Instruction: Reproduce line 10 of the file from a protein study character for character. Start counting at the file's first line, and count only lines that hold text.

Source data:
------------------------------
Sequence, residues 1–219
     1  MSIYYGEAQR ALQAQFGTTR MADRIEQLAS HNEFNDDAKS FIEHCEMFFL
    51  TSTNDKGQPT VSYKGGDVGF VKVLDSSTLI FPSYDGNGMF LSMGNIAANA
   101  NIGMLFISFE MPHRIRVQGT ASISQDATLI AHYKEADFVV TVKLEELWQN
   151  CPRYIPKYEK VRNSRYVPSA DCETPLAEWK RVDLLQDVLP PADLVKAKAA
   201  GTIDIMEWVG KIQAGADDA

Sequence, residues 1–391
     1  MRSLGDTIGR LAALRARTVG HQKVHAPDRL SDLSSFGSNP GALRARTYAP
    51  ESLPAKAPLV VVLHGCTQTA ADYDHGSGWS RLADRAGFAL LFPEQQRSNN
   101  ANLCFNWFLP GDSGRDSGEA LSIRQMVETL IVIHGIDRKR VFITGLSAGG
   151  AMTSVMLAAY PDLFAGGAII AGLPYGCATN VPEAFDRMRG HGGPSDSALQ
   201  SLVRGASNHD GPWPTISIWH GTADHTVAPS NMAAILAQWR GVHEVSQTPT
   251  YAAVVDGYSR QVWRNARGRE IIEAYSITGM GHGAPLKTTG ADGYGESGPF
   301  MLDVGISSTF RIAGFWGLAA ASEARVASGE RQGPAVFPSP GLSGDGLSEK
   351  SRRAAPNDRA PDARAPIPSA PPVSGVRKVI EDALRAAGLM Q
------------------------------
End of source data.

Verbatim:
   101  ANLCFNWFLP GDSGRDSGEA LSIRQMVETL IVIHGIDRKR VFITGLSAGG